Last week, the semi-official Taiwan Insurance Guaranty Fund (TIGF) announced that four financial institutions were qualified to bid for Kuo Hua Life Insurance Co at an auction to be held on Tuesday, which marks yet another attempt at public sale of the loss-making insurer. Whether or not the insolvent company is auctioned off next week, it is time for the government to consider structural reforms of financial industry bailouts so taxpayers no longer have to rescue collapsing companies.
Cash-strapped Kuo Hua was officially taken over by the TIGF in August 2009 after the Financial Supervisory Commission found the insurer’s weak capitalization and consistent operating losses had seriously hurt the rights and interests of its policyholders. Since then, the government receivership — the first of its kind among the nation’s life insurers in more than 40 years — has been extended four times, with the current extension due to expire in August next year. The commission continues the process of finding a new owner for Kuo Hua after its previous efforts failed due to discrepancies over acquisition terms.
According to the TIGF — which is funded by an industry premiums tax — Mercuries Life Insurance Co, Chinatrust Life Insurance Co, Taiwan Life Insurance Co and Transglobe Life Insurance Inc will be eligible to bid for 49-year-old Kuo Hua. Based on industry estimates, the TIGF is likely to subsidize the successful bidder by as much as NT$120 billion (US$4.1 billion) if Kuo Hua is sold as a whole (including its assets and liabilities), whereas the amount may be reduced to NT$74.63 billion, Kuo Hua’s accumulated net losses as of March 31, if it is sold as separate packages.
In either case, this deal is likely to become the highest bailout settlement by the government after the now-defunct Chung Hsing Bank cost the nation’s Financial Restructuring Fund — modeled after the US’ Resolution Trust Corp in the 1980s — as much as NT$58.5 billion before its sale to the Union Bank of Taiwan in 2004. Moreover, in order to attract potential buyers, given Kuo Hua’s weak business and financial fundamentals, the commission has reportedly also agreed to provide flexible administrative oversight for the new owner over the next 20 years, setting yet another record for the local financial industry.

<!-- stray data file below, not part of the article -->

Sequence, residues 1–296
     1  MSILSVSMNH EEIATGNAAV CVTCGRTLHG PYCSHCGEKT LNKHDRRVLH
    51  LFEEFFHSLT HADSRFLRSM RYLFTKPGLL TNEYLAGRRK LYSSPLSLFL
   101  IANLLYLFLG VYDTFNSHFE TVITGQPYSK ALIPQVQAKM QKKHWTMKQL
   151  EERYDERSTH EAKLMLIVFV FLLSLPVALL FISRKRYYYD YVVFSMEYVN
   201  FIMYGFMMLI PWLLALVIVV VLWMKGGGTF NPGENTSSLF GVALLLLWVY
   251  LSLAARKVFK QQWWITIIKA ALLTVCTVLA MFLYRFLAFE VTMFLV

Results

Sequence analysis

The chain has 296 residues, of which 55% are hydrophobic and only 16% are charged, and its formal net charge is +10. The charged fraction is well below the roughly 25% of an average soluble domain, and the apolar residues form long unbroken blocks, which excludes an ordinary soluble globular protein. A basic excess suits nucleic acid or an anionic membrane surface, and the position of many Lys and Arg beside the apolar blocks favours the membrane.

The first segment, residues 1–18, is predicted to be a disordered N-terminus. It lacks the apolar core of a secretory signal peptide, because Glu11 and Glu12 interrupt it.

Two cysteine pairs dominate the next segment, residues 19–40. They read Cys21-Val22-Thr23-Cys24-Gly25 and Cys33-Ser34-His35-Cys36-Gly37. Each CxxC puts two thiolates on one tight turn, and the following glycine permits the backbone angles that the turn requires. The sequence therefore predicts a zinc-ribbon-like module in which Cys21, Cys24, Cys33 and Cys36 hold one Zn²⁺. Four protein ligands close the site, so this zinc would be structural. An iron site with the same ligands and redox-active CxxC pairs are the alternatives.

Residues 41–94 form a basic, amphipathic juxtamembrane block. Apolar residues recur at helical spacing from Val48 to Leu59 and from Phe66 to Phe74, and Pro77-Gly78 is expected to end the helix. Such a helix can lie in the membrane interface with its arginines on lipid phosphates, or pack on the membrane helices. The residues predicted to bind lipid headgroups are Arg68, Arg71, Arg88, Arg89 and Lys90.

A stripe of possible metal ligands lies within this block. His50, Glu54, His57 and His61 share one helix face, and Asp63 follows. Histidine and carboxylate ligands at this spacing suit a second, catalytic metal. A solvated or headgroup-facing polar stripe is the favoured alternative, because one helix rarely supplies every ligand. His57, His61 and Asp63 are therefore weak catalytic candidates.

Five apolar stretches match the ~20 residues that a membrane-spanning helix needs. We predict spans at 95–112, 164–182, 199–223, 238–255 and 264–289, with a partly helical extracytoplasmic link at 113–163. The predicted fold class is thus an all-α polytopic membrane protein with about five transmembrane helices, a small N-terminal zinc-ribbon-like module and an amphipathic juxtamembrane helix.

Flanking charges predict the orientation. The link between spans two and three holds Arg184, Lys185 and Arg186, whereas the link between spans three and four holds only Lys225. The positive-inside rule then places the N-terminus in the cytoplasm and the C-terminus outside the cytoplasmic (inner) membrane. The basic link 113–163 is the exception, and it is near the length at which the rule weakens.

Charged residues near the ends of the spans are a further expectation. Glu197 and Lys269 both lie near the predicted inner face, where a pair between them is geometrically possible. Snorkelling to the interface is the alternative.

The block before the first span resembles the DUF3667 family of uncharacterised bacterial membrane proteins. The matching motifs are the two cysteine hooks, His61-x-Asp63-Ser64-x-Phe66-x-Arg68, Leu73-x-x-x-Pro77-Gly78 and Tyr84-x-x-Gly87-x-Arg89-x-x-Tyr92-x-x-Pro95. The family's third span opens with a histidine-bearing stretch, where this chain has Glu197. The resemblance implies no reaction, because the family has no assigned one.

In fairness, the low interest rate environment is hurting all insurance companies in Taiwan, but the problems at Kuo Hua are unrepresentative of the capabilities and strengths of others in the industry.
Nonetheless, the government’s persistent reliance on taxpayers to bail out failed financial companies has put increased burdens on the nation. At a time when the government has agreed to reform the public-sector pension system in light of more than NT$5 trillion of national debt as of last month, it is now time for a decision on whether public money should remain available for bailouts in the event of a financial crisis.
Another concern is that since the government established the Financial Restructuring Fund in June 2001, it has not only spent nearly NT$289 billion cleaning up ailing firms, it has also created a sense of moral hazard in the financial industry. Some in the industry now feel they can do whatever they want, because the government will eventually bail them out. To stop financial companies from gambling recklessly, the government should change its thinking regarding rescue of ailing companies that are “too big to fail.” That losses at Kuo Hua under TIGF custodianship have risen to NT$74.63 billion from NT$55.9 billion over the past three years indicates that such companies are both too complicated to manage and too weak to survive.